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Moscow Mule

By FineArtBartender

What Is The Moscow Mule

moscow mule in copper mug with lime wedge garnishThe Moscow Mule was vodka’s breakout cocktail. Professional bartenders may not have liked making these ginger-based cocktails due to short supplies of great ginger beer, but the recipe is so easy and drink very refreshing. If you need a cocktail with a bit of kick, a mule is where it’s at.

History Of The Moscow Mule And How It Became A Cocktail

In the age of the new martinis like the Cosmopolitan and Green Appletini, it’s hard to imagine a time when vodka cocktails didn’t enjoy the popularity they do today. Yet these delectable drinks weren’t really popular until the late 1940s and 1950s. The Moscow Mule, a cocktail created for a Smirnoff promotion, helped fuel this change in drinks culture.

In 1941, John Martin, president of Heublein and Jack Morgan, owner of the Cock’n’Bull bar in Hollywood, met in a bar in Los Angeles. Together they mixed Morgan’s ginger beer with Smirnoff and lime and christened it the Moscow Mule. They ordered specially engraved copper mugs and Martin set off to market the cocktail in bars around the country.

He bought one of the first Polaroid cameras and asked barmen to pose with a copper mug and a bottle of Smirnoff. Then he would leave one copy of the photo at the bar and take a second copy to the bar next door to show them that their competitors were selling the Moscow Mule.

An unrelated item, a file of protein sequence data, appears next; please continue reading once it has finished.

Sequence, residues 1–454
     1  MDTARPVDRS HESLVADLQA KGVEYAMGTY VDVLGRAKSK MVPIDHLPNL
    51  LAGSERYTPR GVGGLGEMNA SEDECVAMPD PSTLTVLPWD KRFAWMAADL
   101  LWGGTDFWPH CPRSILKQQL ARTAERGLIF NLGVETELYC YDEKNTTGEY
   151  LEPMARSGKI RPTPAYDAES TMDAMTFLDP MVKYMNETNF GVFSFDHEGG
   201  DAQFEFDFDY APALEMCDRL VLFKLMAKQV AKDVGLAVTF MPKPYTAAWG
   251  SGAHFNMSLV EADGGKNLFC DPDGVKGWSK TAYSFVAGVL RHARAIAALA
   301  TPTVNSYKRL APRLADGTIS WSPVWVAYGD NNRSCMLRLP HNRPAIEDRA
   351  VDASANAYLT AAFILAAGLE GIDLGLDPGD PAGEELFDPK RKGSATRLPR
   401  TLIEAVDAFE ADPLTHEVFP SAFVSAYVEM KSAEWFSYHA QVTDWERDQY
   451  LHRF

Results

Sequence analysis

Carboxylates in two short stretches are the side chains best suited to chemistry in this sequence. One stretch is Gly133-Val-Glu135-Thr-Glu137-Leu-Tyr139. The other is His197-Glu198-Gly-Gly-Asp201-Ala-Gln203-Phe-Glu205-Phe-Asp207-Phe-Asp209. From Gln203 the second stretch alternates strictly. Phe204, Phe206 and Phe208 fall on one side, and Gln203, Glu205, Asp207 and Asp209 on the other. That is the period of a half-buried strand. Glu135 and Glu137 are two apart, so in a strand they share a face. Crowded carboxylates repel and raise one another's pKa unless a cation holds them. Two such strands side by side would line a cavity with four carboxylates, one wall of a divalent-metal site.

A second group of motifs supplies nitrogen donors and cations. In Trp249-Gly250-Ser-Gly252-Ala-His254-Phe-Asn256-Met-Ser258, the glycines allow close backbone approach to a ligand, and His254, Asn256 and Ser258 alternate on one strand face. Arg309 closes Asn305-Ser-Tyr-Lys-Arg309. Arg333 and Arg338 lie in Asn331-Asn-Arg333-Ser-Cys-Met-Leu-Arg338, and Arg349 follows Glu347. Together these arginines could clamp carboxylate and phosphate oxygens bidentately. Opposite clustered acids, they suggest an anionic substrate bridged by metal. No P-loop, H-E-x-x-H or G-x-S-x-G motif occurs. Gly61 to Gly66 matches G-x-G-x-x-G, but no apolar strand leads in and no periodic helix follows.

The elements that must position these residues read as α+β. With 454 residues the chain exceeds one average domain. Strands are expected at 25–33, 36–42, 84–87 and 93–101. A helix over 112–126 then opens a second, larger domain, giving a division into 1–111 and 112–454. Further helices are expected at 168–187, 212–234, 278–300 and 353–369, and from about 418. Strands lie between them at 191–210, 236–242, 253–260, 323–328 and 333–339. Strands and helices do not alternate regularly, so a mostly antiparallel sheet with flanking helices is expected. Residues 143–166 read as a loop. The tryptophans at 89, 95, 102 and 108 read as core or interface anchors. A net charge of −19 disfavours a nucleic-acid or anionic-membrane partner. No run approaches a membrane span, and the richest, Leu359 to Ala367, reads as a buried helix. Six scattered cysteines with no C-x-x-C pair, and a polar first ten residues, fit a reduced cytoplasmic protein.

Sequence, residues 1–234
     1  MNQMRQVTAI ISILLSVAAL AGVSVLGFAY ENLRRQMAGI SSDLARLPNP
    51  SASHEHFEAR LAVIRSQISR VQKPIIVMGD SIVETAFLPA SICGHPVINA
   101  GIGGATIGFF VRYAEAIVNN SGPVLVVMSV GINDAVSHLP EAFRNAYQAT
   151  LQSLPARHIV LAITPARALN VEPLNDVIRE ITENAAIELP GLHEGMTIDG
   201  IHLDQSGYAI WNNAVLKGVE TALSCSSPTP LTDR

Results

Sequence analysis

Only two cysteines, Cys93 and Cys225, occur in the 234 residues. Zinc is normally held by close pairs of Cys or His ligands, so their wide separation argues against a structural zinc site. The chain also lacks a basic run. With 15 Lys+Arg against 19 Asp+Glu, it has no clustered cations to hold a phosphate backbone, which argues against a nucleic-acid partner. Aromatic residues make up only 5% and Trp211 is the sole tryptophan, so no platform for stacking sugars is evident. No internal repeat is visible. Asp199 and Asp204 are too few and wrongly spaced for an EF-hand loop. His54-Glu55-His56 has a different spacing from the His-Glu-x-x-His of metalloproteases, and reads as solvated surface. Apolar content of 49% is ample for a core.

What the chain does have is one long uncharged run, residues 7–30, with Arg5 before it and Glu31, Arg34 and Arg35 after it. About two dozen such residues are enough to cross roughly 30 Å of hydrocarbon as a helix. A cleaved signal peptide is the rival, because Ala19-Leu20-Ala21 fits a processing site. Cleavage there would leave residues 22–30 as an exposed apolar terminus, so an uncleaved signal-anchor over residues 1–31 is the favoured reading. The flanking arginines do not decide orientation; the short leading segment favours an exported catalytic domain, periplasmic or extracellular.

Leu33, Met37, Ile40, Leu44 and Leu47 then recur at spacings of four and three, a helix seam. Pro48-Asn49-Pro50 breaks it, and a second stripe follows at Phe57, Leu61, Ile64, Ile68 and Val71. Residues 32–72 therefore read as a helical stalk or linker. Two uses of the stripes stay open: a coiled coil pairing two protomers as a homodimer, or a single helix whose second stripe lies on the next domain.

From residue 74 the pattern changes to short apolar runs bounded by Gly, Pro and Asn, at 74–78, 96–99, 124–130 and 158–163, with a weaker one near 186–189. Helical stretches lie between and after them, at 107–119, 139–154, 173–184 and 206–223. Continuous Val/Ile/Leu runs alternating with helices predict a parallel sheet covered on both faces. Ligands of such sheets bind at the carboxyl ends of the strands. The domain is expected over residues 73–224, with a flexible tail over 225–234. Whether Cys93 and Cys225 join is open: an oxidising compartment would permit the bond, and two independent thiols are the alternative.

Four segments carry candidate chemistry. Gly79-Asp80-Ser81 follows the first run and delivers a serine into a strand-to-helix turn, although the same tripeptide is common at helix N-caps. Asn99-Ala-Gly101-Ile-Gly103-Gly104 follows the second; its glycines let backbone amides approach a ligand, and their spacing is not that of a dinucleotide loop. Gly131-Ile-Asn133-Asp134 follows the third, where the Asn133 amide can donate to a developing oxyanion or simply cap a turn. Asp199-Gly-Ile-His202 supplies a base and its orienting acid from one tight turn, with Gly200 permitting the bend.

Between 1947 and 1950 Smirnoff case columns more than tripled and nearly doubled in 1951. It was the start of a long period of success. Smirnoff promoted a variety of cocktails, which all used the mixability of Smirnoff cocktails.

Recipe And Instructions To Make A Vodka Moscow Mule

  • 1.5 oz. Smirnoff vodka
  • 3 oz. ginger beer (Organic Ginger Beer Works Best)
  • 1 tsp. simple syrup or (Cane Syrup)
  • ¼ oz. lime juice
  • 1 sprig mint
  • 1 slice lime

What to do?

This spicy cocktail is best served in a glass to keep the contents cold for as long as possible. Traditionally though, you will be serving a mule in a copper mug… just like in those early promotional days.

  1. Fill a copper mug with ice
  2. Pour your preferred vodka over the ice
  3. Add a dash of simple syrup, and that fresh squeezed lime juice.
  4. Top with ginger beer and stir.
  5. Garnish with mint sprig and lime slice.

If you were short on vodka, and wanted a little extra character to pair with your fine ginger beer… why not try Gin? The Gin-Gin Mule is a tasty alternative to it’s Russian brother, and also can be served in those fancy copper mugs.

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